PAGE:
Brand Book 2015: ROI to the fore as budgets rise in finance sector

High-impact, cost-effective events that demonstrate strong ROI are the order of the day in the finance sector.

Brand Book 2015: Finance
Brand Book 2015: Finance
Growth in the global and UK economies this year, driven by a weaker Euro exchange rate and a decline in oil prices, has led to increased confidence within the financial services sector. However, the Financial Services Authority’s enforced ring-fencing has had a structural impact on the banks, resulting in changes of roles and, in some cases, redundancies.

An increased confidence in the market has translated into a return to a small growth in event budgets, but with it there has been a ‘renewed emphasis’ on producing high-impact, cost-effective event solutions that demonstrate strong ROI.

"Despite growing confidence in the market, budgets are still restricted and every penny has to be considered and justified," says Robert Kenward, global development director at agency Banks Sadler. "Internal events have been held in-house wherever possible, although as the market improves, we have seen a slow increase in internal events being held externally."

Re-engineering events

This pressure to get better returns on ever-so-slight budget increases has put clients "between a rock and a hard place", says Mark Riches, managing director of First Protocol, and is forcing them to think outside of the box and look at their supply chain to see if they can get more value from them.

"Re-engineering is a clear pattern; each organisation is keen to do things differently. They are under pressures of headcount and budgets and keen to stand out in a competitive marketplace – they know attendees are going to other events hosted by their competitors. Different organisations are approaching this in different ways, but the key trend is content, so what is said and by whom is where there is an absolute focus," Riches adds.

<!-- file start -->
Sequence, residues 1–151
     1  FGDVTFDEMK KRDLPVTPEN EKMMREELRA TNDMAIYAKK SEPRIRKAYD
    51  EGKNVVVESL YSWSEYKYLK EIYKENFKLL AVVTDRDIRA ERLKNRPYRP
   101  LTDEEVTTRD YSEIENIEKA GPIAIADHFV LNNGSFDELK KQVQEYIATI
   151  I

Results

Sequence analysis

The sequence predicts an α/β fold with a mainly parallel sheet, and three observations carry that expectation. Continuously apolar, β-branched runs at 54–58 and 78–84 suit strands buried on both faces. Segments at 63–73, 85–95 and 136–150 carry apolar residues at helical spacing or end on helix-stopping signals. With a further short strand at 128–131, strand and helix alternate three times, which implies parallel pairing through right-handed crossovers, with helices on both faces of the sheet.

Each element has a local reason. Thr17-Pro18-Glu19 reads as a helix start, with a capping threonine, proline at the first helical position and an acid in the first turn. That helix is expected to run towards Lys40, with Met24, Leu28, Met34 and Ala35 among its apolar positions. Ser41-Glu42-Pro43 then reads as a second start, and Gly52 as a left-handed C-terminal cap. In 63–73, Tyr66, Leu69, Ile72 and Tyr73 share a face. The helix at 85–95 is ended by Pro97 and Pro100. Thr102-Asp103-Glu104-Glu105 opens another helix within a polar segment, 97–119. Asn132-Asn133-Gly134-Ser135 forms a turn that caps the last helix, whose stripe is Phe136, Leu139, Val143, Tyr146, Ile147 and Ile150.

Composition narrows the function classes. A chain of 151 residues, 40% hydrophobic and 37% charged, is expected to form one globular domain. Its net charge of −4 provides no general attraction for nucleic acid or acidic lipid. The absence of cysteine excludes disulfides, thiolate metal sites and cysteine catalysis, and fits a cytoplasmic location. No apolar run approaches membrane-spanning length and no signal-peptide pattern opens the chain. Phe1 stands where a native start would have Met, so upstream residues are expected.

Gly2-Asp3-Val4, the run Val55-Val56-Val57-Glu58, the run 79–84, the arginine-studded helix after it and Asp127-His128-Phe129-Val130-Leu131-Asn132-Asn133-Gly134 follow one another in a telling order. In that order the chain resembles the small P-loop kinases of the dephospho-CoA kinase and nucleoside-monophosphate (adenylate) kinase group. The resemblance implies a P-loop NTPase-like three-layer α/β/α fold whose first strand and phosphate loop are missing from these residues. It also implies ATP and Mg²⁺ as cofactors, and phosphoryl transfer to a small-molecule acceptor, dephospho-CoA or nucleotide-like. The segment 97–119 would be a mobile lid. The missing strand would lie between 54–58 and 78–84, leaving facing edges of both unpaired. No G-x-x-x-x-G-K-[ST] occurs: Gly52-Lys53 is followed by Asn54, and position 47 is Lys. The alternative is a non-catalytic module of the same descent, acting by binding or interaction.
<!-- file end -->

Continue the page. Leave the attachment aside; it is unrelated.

Stacey Stothard, senior corporate communications manager at Skipton Building Society, says expectations are higher from delegates attending her events. "A person’s time is precious, and when we’re organising an event, we never take this for granted. It’s not a case of trying to do a bigger and better event than before, but doing what’s appropriate for the audience, just with a little sparkle."

The number of events taking place within this sector also seem to be slightly up, with customer-attended events that demonstrate a direct ROI, such as round tables, educational dinners and seminars, proving popular. Banks Sadler has also seen an increase in roadshows, with a focus on engagement and two-way communication leading to feedback that can be analysed and used for future projects.

Meanwhile, incentive events have been replaced by EMEA-based ‘team off-sites’ which combine business purpose with a dinner, says Kenward.

Digital transformation

Like other markets, the financial service sector is undergoing a digital transformation. For the majority of clients, live events are still the preferred format, although agencies anticipate there will be a move towards being more innovative with production.